Frequently Asked Questions | NJ Ground Penetrating Radar & Utility Locating

What Is a Locate?

Utility locating is the process of identifying and labeling underground public utility mains. A locate is the name given to the detection, marking and reporting of buried utility services on a job-site or work location.

Utility lines are detected using the transmission of radio-frequency signals applied to the line and perceived by a portable rf. receiver scanning over the ground above the location of the line. Another method of locating and identifying subsurface utilities is Ground Penetrating Radar (GPR).

The detected signal is then marked on the surface of the ground using temporary marking paint, stakes, or flags in order to indicate the horizontal position of the line.

This process is called a “locate”. It may be applied to both public and private utility lines.

What Is The Difference Between a PUBLIC and a PRIVATE Locate?

A “public” locate is a locate provided by a utility company for the services and utility lines they own and maintain, whether they are on public or private property. Utility lines are located to the “dissemination point” or “point of service” by the Utility Company, and each Utility Company may define exactly at what point their service ends and the private service owned and maintained by the property owner begins.

“Private” locates can begin at that point to detect and mark the location of services owned by the property owner. Typical dissemination points include the meter location, a service valve, a transformer, or even the property line. Contact the specific Utility Company for more information.


What Utility Lines Are Typically Considered “Private?”

Utility lines typically considered private include, but are not limited to the following:

  • Water lines inside property boundaries.
  • Sanitary and Storm Sewer line inside property boundaries.
  • Gas lines beyond the gas meter, such as those feeding outbuildings, BBQ’s, pools, generators, machinery, etc.
  • Power lines beyond the meter, or the site transformer or substation, such as the main service lines into a building from such a point, or sub-services to outbuildings, sub-panels, etc.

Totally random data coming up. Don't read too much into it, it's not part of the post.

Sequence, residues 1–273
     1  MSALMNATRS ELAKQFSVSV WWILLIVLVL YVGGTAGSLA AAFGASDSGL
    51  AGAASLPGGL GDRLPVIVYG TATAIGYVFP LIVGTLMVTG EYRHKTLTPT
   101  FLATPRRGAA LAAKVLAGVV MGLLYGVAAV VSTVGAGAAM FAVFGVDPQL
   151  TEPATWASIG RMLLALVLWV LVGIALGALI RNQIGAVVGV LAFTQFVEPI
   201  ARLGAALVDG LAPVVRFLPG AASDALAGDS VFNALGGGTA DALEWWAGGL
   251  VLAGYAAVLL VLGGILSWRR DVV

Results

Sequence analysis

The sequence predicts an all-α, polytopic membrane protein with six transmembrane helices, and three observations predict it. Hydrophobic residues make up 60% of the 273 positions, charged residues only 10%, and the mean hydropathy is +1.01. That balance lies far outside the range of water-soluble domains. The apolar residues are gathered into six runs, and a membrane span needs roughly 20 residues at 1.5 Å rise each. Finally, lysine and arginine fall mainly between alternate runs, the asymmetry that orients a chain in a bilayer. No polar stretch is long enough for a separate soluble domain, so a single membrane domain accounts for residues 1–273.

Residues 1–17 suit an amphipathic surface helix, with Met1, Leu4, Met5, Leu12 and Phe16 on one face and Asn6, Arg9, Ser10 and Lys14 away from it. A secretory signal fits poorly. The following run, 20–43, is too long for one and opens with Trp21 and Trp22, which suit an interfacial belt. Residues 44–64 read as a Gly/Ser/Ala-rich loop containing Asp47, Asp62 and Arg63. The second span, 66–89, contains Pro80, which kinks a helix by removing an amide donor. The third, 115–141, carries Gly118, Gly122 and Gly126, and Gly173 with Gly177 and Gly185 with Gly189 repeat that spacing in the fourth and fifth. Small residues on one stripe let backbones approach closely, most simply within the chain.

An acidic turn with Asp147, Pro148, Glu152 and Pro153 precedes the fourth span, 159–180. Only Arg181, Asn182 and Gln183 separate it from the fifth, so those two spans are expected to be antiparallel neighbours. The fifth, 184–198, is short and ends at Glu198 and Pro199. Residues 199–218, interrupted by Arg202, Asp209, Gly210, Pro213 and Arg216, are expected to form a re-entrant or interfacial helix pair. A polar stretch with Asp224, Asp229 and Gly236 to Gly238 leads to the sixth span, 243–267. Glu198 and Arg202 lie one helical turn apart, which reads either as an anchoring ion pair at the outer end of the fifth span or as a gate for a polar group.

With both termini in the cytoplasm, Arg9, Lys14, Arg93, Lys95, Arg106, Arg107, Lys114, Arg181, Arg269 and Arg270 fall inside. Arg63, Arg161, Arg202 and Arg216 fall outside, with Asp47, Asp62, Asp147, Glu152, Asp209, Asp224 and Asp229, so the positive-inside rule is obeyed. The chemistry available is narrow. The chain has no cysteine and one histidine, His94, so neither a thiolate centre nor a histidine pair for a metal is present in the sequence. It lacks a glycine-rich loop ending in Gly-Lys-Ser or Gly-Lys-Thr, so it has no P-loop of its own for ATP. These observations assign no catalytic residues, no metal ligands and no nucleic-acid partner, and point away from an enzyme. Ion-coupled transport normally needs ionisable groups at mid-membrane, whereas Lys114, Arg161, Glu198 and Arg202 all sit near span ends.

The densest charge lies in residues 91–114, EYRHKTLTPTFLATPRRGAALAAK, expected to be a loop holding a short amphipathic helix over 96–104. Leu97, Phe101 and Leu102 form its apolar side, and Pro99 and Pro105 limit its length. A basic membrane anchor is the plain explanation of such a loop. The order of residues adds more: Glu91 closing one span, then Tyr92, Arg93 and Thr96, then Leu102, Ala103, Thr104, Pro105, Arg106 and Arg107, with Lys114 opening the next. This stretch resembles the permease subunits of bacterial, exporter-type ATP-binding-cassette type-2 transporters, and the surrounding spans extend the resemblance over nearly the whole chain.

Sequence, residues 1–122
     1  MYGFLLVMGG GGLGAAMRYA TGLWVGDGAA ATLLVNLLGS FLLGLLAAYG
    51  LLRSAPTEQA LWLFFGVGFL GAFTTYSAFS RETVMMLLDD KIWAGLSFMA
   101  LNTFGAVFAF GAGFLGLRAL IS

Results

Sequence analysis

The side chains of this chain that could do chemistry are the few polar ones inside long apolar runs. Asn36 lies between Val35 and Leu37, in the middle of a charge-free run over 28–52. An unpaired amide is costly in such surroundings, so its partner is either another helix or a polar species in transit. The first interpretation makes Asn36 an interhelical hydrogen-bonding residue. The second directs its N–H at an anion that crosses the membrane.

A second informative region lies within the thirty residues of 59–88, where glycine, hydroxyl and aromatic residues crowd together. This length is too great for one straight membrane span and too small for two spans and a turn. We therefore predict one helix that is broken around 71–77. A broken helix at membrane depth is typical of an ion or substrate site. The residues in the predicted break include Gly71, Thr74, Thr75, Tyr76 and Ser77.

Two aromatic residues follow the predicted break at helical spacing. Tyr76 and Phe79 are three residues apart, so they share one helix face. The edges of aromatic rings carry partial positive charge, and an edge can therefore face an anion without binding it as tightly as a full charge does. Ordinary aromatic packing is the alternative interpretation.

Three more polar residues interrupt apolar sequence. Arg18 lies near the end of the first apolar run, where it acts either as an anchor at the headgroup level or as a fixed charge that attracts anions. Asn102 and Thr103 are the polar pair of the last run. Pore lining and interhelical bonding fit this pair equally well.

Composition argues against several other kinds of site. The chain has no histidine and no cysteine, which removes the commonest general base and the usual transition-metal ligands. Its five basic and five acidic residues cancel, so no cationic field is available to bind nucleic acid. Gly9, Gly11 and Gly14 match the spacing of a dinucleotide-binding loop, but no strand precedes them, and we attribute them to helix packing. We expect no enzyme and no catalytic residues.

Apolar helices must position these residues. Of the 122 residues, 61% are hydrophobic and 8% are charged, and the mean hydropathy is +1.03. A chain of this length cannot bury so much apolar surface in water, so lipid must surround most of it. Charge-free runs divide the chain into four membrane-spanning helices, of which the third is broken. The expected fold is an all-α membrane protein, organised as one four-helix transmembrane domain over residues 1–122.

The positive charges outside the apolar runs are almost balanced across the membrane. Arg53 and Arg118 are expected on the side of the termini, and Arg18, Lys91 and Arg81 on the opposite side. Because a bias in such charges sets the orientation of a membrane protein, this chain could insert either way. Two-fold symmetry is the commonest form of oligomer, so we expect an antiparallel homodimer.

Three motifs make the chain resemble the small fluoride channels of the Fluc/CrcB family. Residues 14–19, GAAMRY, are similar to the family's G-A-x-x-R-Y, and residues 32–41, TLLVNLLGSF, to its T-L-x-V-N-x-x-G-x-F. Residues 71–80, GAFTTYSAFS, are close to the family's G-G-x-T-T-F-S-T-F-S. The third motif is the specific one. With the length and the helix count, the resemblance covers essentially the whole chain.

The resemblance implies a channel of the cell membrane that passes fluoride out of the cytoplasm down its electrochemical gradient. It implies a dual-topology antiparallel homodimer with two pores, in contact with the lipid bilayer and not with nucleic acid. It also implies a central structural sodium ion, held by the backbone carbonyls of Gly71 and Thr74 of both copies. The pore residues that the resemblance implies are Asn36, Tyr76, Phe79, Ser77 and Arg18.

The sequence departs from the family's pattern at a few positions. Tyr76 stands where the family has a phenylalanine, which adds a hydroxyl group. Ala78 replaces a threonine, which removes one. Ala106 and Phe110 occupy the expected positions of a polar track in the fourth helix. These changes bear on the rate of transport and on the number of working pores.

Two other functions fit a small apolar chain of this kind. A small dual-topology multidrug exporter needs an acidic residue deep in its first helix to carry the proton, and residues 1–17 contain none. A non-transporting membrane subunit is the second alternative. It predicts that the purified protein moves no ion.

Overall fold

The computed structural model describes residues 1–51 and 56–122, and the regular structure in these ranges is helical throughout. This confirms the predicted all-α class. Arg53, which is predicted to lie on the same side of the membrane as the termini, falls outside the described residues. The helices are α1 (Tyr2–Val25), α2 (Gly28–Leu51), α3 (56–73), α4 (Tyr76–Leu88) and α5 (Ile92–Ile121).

• Electrical lines for signage, parking lot lighting, walkway lighting, gates, pumps islands, machinery, block-heater plugs, etc.
  • Telecommunication lines (phone, cable, internet, and network) beyond the telecom room or dissemination point, such as internal property networks, closed-circuit TV cameras, alarm systems, communication, and phone systems, etc.
  • Irrigation lines, though many are plastic only, and not locatable. Wiring to valves and solenoids can be located.
  • Air lines and hydraulic lines for equipment and machinery.
  • Fuel and product lines from AST’s and UST’s, including gasoline, diesel, heating oil, waste oil, etc.
  • Fill and vent lines for Underground storage tanks.
  • Fiber optic lines for onsite communications. Note: fiber optic lines themselves are not locatable, but they may have a tracer or sheath that is.
  • Any other service or utility line that is owned, installed and maintained by the property owner as opposed to an outside third party Utility Company.

Why Should I Get a Private Utility To Locate?

It is in the best interests of the excavator to retain a private utility locator regardless of the information provided by Utility Companies or property owners to ensure the safety of the crews engaged in the excavation and to prevent damage to personnel, property, and utility lines.

Excavators are required by law to exercise due diligence in this regard. Damages can cost time, money and lives.

How Close Can I Dig To a Utility Line Marking?

No mechanical excavation is to take place within 3 feet horizontally of any utility line markings (flags, paint, or stakes, etc.). “Scratching the surface” above utility lines, boring beneath an uncovered line without hand-excavating to full crossing depth, or digging up to a line with mechanical means is NOT acceptable.  Depths of lines may vary and must be determined by hand-digging.

Multiple lines in a common trench, or positioned above each other may interfere with accurate locating, and appear as only one line.  Adjacent utility lines may distort the electromagnetic fields required for accurately locating and offset the marks.  For all of these reasons and more, contractors MUST respect the three-foot rule.

How Deep Is The Utility Line?

The installation of Utility lines is usually regulated by local building codes, electrical codes, etc.  However, site conditions vary, and lines are seldom installed exactly as they should be.

While Pipe & Cable Locate Equipment is capable of measuring the depth of connected lines, depth measurements are notoriously erroneous and can be affected drastically be things like soil density, surface material, and even humidity.  Therefore, the depths of utility lines are seldom given on locating reports and are to be taken cautiously at best.

Reported depths do not relieve the contractor from the obligation to excavate within 3 feet horizontally of marked utility lines by hand, without mechanical aid.  This cannot be stressed enough.

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